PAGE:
|Birth name||Edwin Goodwin Pickens|
June 3, 1916|
Hempstead, Texas, United States
|Died||November 24, 1964
Houston, Texas, United States
|Genres||Blues, piano blues|
|Years active||Mid 1930s–1964|
|Associated acts||Alger "Texas" Alexander, Lightnin' Hopkins|
Buster Pickens (June 3, 1916 – November 24, 1964) was an American blues pianist. Pickens is best known for his work accompanying Alger "Texas" Alexander and Lightnin' Hopkins, although he did record a solo album in 1960.
Life and career
In the 1930s Pickens, along with Robert Shaw and others, was part of the "Santa Fe Circuit", named after touring musicians utilising the Santa Fe freight trains. From that time, Pickens described people doing the slow drag to "slow low-down dirty blues" in barrelhouse joints.
Following service in the United States Army in World War II, Pickens returned to Houston, Texas. He appeared on his first disc recording on January 13, 1948, providing backing for Perry Cain on his single "All The Way From Texas" / "Cry Cry", released by Gold Star Records. Further recording work followed over the next eighteen months, as he played on different sessions as part of the accompaniment to Cain, Bill Hayes, and Goree Carter.
Pickens later recorded for Freedom Records in 1950, playing accompaniment to Alger "Texas" Alexander on the latter's final recording session. Pickens later performed live on a regular basis with Lightnin' Hopkins, and played on several of Hopkins's albums in the early 1960s, including Walkin' This Road By Myself (1962), Smokes Like Lightning (1963), Lightnin' and Co. (1963). Pickens had by this time also recorded his own debut solo album, Buster Pickens (1960), and appeared in the 1962 film, The Blues.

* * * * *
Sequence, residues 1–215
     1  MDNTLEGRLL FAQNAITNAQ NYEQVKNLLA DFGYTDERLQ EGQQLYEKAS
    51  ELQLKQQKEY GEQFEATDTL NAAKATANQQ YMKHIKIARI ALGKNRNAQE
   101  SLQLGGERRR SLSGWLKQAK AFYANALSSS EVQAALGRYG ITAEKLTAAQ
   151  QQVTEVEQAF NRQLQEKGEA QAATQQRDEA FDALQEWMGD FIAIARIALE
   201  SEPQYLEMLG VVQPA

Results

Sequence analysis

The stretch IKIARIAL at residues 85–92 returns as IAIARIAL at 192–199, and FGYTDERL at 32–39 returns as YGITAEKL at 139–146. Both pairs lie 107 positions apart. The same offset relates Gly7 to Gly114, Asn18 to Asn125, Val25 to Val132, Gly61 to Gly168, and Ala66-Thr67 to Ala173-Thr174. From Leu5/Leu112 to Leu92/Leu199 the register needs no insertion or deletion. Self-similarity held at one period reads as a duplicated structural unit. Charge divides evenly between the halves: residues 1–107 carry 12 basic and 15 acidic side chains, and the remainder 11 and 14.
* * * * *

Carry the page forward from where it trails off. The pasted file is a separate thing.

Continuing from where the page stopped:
The album, recorded in Houston by Chris Strachwitz, Mack McCormick and Paul Oliver, comprised - "Santa Fe Train" / "Rock Island Blues" / "Ain't Nobody's Business" / "Colorado Springs Blues" / "She Caught the L & N" / "Remember Me" / "Women in Chicago" / "The Ma Grinder, No. 2" / "You Better Stop Your Woman (From Ticklin' Me Under the Chin)" / "Jim Nappy" / "Mountain Jack" / "D.B.A. Blues" / "Hattie Green" / "Backdoor Blues" / "Santa Fe Blues".
|“||I rode freight trains practically all over the country. Just wherever it was booming, I'd hear about it.||”|
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